Innovation Is the Heart of Economic Recovery and Future Prosperity

Posted November 19, 2008 at 9:31am

These are unprecedented economic times, and America’s economic vitality must be priority one. Although short-term steps to ameliorate the immediate economic challenges are important, the new Obama administration must be forward-looking and enact policies that will strengthen America’s competitiveness and promote economic growth for generations to come.

[IMGCAP(1)]Technology and globalization offer limitless possibilities, but they also present new challenges to America’s economic leadership. Brainpower, innovation and entrepreneurship are the keys to 21st-century prosperity. The new president should focus on policies that encourage capital formation, reward growth and job creation, drive investment in research and development and innovation, and improve worker retraining and education. video platform video management video solutions free video player

The United States has long been the preferred destination for investment capital because of the tremendous returns generated by our dynamic and innovative economy. Given our large and probably increasing national debt, it is even more important to focus on attracting capital. Increasingly, capital investment has been shifting elsewhere in search of higher returns and friendlier regulatory and legal frameworks.

A reformed tax policy is critical to creating, attracting and retaining capital. Only by doing so can we create the next generation of entrepreneurs and get the economy growing again. Raising tax rates on capital gains and dividends will yield exactly the opposite result. At a minimum, tax rates on capital gains and dividends should be maintained at their current levels. Lowering these tax rates should be given very serious consideration.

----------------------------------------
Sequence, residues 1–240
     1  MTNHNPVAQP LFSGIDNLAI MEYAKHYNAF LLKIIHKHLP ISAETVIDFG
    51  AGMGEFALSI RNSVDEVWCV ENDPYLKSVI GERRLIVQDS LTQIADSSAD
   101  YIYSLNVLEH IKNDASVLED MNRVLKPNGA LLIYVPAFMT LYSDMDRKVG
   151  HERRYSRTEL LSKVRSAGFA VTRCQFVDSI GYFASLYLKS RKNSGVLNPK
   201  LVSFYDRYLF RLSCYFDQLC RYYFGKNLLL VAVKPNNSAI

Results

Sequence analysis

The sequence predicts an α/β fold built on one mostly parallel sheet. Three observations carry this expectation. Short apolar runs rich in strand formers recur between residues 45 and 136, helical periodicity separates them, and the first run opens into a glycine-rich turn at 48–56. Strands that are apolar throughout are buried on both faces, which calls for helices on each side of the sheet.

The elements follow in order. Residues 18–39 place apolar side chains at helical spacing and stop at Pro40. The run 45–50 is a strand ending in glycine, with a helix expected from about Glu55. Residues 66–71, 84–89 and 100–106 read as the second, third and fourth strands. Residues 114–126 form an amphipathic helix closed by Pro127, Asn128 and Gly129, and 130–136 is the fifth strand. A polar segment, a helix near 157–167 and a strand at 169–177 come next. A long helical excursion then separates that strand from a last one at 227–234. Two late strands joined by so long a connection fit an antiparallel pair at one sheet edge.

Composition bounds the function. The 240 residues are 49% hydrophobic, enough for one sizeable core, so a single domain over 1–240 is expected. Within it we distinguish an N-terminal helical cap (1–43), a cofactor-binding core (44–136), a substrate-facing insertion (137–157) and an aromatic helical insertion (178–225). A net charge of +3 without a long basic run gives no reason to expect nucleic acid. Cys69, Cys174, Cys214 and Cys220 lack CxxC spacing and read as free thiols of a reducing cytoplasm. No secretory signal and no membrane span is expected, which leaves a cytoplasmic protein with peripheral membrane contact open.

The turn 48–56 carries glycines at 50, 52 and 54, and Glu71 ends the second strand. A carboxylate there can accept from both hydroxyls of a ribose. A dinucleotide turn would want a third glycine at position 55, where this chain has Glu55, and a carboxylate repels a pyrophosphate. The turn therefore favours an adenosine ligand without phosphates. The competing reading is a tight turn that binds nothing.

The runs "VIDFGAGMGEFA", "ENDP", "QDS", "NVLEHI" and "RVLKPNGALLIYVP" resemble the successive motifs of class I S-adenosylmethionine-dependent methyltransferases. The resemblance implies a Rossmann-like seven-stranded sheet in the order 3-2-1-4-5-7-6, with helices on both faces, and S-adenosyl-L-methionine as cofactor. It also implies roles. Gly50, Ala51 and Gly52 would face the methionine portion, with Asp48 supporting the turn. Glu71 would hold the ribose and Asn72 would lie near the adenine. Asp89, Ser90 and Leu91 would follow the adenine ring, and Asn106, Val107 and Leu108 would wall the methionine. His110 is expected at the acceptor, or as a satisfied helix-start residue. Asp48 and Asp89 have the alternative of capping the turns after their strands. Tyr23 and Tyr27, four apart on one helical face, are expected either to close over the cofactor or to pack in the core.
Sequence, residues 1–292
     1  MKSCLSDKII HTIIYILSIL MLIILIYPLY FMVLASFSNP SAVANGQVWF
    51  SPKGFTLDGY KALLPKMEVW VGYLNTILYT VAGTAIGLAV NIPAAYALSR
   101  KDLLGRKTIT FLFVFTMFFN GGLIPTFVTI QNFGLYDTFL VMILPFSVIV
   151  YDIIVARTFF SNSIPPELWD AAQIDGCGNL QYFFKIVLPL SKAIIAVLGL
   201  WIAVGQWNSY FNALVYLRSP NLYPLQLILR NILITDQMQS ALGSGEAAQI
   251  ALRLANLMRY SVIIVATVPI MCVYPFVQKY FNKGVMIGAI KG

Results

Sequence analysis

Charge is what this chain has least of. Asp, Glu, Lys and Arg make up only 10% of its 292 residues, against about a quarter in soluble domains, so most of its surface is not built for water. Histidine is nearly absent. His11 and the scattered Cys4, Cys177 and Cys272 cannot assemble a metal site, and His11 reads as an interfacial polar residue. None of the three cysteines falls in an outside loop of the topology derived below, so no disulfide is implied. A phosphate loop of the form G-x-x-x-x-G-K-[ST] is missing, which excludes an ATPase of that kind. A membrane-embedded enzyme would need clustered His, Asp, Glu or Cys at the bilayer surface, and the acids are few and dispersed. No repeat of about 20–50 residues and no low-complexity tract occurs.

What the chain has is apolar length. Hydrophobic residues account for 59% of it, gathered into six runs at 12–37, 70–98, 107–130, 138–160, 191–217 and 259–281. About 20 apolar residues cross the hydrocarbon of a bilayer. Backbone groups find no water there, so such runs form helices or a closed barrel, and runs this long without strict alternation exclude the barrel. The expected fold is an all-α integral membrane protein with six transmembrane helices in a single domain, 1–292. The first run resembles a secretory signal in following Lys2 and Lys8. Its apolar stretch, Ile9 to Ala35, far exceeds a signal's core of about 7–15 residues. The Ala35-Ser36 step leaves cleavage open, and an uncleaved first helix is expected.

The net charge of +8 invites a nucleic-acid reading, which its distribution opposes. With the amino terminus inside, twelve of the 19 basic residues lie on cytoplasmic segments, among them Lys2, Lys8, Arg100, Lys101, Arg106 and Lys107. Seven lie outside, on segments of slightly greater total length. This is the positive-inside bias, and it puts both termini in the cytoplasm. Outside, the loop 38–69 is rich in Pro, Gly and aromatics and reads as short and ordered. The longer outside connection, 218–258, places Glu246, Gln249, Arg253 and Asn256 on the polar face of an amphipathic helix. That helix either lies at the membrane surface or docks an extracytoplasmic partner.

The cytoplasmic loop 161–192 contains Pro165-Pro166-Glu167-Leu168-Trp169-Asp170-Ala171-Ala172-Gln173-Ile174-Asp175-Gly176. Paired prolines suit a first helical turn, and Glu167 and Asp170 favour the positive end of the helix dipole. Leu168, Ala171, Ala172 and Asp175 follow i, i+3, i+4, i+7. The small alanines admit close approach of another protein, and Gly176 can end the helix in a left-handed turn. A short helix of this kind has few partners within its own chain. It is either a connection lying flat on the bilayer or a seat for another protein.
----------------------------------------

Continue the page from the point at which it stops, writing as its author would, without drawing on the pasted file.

The U.S. levies the second-highest business tax rate in the world. Increasing taxes on American companies that have operations outside the United States is exactly the type of tax policy stick that will drive capital and job creation overseas.

Likewise, increasing taxes on “excess profits” will drive business, jobs and capital elsewhere. We should lower the tax rate on business. We should simplify the tax structure and reduce the overall level of taxation on businesses of all sizes. While government programs can create some jobs, we must count on business to grow our economy.

Small business in particular is the engine of economic growth and job creation in America. Over two-thirds of all Americans are employed by small businesses. And forming a small business represents the first step toward economic independence for many Americans. African-American, Hispanic-American, Asian-American and female-owned small businesses are among the fastest-growing segments of our economy.

Raising taxes on small-business owners and entrepreneurs hurts every worker. We must make it easier for small businesses to form, hire and prosper. A critical component of responsible economic policy must be to make permanent existing tax cuts for small businesses.

In considering health care reform or the redesign of Social Security and Medicare, we should pay particular attention to the impact on small business. Any government-mandated program that increases the tax burden or complicates the regulatory and compliance framework for small business will be a drag on our economy and dampen job creation.